Barb Szyszkiewicz reviews two new Catholic novels, one focusing on marriage and family and the other on religious life.
The main character in both of these novels goes through a discernment journey. The strong, committed, and high-achieving women in each novel reach a breaking point in which they must determine whether their current path is right for them, life-giving, and (in once case) even ethical.
Debut novelist Brendan Hodge, in If You Can Get It (Ignatius Press), tells the story of a high-powered fashion executive whose confused younger sister's arrival in her luxury apartment is the catalyst for a reexamination of her career goals and, ultimately, what she wants out of life. Neither sister knows what to make of their parents' newfound religious fervor, and Jen chases after power and money in a new job that requires her to look the other way at bad business dealings and worse after-hours behavior.
A new start in a less-glamorous position close to her parents' Midwestern home provides Jen the opportunity to ponder what she really wants out of life, even as her sister Katie happily determines her own life path. If You Can Get It is an engaging read that explores the consequences of the single-minded pursuit of success at the expense of faith, family, friendship, and love. There's a bit of a surprise at the end -- and it's very satisfying.
Marian O'Shea Wernicke's Toward That Which is Beautiful (She Writes Press) could very easily have been a stereotypical "runaway nun" story, but that was not at all the case. Sr. Mary Katherine is anything but frivolous; she is clearly way over her head in terms of language, culture, and calling.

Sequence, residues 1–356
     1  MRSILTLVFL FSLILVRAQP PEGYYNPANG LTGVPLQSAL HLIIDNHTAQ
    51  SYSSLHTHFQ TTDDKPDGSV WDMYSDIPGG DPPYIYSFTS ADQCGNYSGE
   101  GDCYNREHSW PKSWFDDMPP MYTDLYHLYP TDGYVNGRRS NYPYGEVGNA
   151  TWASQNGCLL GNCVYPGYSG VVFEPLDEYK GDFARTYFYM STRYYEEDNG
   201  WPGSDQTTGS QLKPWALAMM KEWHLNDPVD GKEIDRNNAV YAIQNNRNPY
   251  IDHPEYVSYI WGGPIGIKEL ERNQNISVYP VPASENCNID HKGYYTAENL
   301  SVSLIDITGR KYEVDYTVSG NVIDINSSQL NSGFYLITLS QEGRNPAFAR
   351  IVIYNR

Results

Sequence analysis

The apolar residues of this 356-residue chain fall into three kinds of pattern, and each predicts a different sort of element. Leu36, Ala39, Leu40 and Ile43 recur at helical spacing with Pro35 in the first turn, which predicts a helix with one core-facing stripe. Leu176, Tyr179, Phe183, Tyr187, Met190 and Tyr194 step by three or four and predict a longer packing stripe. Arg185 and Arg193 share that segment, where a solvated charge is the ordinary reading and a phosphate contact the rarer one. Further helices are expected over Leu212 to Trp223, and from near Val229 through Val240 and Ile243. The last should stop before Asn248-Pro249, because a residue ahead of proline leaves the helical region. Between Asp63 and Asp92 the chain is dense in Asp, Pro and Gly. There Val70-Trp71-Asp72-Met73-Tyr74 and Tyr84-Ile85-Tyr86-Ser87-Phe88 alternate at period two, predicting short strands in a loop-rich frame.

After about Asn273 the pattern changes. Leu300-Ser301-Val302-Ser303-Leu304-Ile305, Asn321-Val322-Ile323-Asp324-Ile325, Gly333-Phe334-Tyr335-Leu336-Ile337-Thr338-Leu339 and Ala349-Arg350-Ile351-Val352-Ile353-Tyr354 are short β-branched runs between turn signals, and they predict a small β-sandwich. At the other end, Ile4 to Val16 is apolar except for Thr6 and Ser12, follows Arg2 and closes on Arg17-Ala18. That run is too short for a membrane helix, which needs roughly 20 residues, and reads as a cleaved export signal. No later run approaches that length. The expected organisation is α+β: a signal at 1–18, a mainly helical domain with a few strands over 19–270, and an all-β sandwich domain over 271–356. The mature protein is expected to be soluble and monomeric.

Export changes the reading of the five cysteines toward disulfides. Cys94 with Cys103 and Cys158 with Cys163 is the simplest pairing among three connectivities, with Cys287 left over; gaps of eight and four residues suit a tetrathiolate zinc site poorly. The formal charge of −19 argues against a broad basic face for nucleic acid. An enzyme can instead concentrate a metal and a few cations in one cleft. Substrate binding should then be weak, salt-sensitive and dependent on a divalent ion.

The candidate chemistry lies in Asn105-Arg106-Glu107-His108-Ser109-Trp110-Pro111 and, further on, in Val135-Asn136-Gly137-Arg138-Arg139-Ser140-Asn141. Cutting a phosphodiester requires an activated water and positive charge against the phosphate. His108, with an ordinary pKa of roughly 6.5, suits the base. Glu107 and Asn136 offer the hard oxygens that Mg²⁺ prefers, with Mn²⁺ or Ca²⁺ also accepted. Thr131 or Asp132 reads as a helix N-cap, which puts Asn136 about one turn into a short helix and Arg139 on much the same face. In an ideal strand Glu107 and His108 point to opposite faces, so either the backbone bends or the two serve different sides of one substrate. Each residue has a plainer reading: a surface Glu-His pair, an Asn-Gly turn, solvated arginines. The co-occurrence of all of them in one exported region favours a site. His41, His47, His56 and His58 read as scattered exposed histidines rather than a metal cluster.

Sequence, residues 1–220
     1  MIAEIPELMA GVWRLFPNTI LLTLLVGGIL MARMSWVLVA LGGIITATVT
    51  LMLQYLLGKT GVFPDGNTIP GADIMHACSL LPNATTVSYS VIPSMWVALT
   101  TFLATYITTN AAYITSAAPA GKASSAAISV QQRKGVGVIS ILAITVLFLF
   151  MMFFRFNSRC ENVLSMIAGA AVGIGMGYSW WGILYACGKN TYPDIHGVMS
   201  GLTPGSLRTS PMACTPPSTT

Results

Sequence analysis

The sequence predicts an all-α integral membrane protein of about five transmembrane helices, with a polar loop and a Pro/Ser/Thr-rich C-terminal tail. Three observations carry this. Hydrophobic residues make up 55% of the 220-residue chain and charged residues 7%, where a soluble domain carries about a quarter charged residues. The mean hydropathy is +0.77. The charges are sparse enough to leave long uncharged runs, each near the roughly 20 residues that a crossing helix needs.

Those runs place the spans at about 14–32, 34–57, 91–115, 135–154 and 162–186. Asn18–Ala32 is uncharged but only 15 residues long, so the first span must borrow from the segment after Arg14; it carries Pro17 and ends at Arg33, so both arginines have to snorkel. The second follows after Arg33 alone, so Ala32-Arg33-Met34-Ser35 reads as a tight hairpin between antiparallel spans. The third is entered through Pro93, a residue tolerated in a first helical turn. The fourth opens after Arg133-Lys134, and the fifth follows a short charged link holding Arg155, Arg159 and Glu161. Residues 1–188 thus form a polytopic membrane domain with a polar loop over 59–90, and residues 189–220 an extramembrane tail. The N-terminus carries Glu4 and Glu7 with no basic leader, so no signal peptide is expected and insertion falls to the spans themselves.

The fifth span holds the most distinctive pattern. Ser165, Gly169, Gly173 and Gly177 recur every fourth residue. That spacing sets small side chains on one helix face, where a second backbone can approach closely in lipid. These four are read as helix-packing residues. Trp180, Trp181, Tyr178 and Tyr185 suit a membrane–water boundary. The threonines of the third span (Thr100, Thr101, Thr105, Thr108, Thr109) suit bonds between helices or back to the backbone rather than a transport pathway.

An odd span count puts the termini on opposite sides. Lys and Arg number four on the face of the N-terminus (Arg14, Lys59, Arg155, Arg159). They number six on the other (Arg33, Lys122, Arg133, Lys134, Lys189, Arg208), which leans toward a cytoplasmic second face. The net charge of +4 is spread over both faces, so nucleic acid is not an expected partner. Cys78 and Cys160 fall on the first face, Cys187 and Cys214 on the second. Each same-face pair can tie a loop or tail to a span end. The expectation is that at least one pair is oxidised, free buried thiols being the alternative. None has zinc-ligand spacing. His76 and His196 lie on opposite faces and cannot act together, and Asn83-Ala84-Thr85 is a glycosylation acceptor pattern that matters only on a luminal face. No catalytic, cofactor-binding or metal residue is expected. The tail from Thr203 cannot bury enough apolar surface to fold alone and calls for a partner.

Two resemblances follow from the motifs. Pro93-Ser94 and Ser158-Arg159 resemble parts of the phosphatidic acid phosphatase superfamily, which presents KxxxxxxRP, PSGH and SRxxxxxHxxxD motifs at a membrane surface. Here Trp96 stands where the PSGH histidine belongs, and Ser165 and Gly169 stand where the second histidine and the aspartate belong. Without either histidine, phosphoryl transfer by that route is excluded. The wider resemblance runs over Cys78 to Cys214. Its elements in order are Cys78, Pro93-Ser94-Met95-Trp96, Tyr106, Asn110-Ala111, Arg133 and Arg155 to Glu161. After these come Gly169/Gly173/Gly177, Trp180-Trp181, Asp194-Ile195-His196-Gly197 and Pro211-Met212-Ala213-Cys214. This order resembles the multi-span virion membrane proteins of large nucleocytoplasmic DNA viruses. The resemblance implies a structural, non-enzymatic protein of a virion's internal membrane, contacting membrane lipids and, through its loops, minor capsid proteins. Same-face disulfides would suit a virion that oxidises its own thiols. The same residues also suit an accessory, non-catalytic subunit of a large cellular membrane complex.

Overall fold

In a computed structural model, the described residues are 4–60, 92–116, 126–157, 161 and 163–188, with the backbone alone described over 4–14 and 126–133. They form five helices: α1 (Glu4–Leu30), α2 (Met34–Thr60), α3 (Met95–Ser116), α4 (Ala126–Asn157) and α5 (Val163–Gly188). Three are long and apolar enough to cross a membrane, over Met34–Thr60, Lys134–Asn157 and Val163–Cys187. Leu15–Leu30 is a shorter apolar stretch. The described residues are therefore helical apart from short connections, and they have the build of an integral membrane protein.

A very young missionary sister in Peru in the mid-1960s, Sr. Mary Katherine is ill-formed spiritually and ill-prepared by a crash course in Spanish to minister to a community where an indigenous language, not Spanish, is spoken and Americans are not entirely trusted. Hardship and isolation provide the perfect environment for her to develop an infatuation with an Irish priest who also ministers in the area -- and she is not willing to live without him. Reaching a breaking point, she runs away from the convent into the surrounding mountains without money, a coat, or a plan.
Wernicke's beautiful prose carries the story along to a surprising conclusion.
Copyright 2020 Barb Szyszkiewicz
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About the Author
Barb Szyszkiewicz is a wife, mom of 3 young adults, and a Secular Franciscan. She is editor at CatholicMom.com. Barb enjoys writing, cooking, and reading, and is a music minister at her parish and an avid Notre Dame football and basketball fan. Find her blog at FranciscanMom and her family’s favorite recipes with nutrition information for diabetics at Cook and Count.